What does any of this have to do with non-Muslims in the Middle East?

Sources written by and for non-Muslims open up to historians viewpoints which are under-represented in Middle Eastern history.  Almost all the widely known sources in Middle Eastern history, before the 19th C, were written by the ʿulamaʾ, the Islamic religious class who were experts in questions of religion and also almost always in the employment of the state (or wishing to be).  They were useful to the state because they were literate (and state records require literacy, as do diplomatic correspondences) and because they could justify the state’s legitimacy to the ruled.  But just like the preponderance of Medieval European sources being written by clergy, this shared religious class shapes the nature of the source materials.  These ʿulamaʾ had very little interest in non-Muslims except when they got in the way (and thus the ʿulamaʾ wrote polemical treatises about how Muslim rulers should not employ non-Muslims, which only a few Muslim rulers in fact agreed with).  Thus the “mainstream” sources in Middle Eastern history present a falsely unified picture of a dominantly Muslim society.

This mirage of cultural unity has not been interrogated by Middle Eastern historians, but in the magisterial work of Marshall Hodgson has been canonized as the “reality” of the medieval Middle East.  (His Venture of Islam is truly a magnificent accomplishment, and half a century later is still a touchstone for so much scholarship, and he outdid most of his heirs in putting the Middle East in the context of world history.  It’s just the assertion that the medieval Islamic world was “culturally unified” from Morocco to Indonesia is not only false; it’s preposterous.)

In medieval Europe, historians can turn to the Jewish sources and increasing numbers of vernacular sources to act as a check on the clerical sources, in order to attempt to counter-balance any clerical balance.  Still, this is very difficult for the early and high Middle Ages.

In the Middle East, highly literate non-Muslim elites produced reams of sources ranging from the Cairo Geniza to the world chronicles of Bar ʿEbroyo, and they usually did so without large amounts of government patronage (often in a language which the government could not read, providing broader freedom of expression).  These sources allow us to verify and check the court histories produced to flatter the rulers or the confessional bias of too narrowly religious histories.  They are thus an invaluable resource for triangulating the past relative to the dominant religious discourse.  Yet they remain under-studied, often considered the domain only of sectarian scholars and odd ducks who don’t deal with “mainstream” Middle Eastern history.  But sources by non-Muslims, written in whatever language, are as much about the history of Middle Eastern society as any source from the ʿulamaʾ, and they provide perspectives which cannot be found among sources written by the ʿulamaʾ.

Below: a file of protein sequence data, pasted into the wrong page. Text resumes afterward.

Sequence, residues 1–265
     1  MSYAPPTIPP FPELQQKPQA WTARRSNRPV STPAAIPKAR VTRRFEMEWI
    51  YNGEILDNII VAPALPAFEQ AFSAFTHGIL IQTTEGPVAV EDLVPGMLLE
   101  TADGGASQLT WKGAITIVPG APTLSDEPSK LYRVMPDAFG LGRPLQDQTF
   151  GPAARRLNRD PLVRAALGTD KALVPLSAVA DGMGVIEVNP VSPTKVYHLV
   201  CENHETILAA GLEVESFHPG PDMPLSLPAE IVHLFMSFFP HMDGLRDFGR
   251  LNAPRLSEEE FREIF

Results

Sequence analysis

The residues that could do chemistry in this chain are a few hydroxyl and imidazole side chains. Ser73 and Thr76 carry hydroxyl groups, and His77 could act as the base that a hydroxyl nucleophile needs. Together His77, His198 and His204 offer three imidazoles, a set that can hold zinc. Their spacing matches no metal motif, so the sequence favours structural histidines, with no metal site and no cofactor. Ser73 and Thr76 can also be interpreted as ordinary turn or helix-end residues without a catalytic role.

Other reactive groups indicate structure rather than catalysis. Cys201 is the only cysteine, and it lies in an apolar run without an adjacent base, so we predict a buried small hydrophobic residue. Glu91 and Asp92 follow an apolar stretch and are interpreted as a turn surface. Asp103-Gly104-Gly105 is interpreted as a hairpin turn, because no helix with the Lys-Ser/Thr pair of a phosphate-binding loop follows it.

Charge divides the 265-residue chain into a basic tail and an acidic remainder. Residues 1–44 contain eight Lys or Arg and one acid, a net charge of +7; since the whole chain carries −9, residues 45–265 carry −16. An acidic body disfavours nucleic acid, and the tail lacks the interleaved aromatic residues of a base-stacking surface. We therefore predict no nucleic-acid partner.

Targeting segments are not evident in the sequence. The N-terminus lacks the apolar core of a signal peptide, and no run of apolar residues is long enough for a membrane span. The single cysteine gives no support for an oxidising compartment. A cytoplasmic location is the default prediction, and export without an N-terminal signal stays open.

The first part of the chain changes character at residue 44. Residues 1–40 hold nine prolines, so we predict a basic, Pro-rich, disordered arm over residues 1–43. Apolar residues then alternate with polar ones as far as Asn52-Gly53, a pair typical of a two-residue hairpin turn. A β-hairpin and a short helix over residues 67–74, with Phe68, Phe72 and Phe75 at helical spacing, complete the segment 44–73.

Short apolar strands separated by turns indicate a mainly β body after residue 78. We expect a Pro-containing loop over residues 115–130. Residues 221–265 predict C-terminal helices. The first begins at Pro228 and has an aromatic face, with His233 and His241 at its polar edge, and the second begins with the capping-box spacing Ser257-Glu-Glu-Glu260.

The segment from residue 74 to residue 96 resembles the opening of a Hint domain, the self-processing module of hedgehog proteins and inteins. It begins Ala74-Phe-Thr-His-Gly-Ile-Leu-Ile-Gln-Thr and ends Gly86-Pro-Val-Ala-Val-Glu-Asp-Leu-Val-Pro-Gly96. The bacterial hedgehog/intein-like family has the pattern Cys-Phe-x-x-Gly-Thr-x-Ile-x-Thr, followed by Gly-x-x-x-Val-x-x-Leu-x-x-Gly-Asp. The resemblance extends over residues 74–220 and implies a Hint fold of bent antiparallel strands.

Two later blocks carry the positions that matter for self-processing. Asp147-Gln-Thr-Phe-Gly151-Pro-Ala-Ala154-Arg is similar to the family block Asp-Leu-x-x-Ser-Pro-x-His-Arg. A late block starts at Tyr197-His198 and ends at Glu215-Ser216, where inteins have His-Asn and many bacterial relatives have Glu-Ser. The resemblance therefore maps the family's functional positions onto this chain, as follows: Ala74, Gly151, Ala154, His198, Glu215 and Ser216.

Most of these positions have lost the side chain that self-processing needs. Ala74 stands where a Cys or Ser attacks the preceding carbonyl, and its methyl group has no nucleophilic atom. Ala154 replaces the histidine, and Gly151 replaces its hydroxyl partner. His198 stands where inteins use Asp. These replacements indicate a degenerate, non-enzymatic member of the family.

While the modern period provides a broader range of non-elite sources by Muslims, thus making non-Muslim sources less distinctive for the purpose of counter-balancing ʿulamaʾ sources, even in the modern period non-Muslim sources serve a distinctive function.  As non-Muslims became a demographic minority, they often (though not always) experienced greater isolation from the resources of the state and what services it offered.  Nevertheless, non-Muslims in the Middle East were frequently disproportionately literate, relative to Muslims with similar financial means and access to the government.  Due to this greater downward penetration of literacy, non-Muslim sources can reveal a broader range of what was going on among the lower ranks of Middle Eastern society, and non-Muslims can act as a “canary in a coal mine” to reveal all sorts of phenomena which would be otherwise invisible to historians.  Thus non-Muslim sources are especially valuable to Middle Eastern sources for providing a non-governmental perspective, and in modern times even a “view from below.”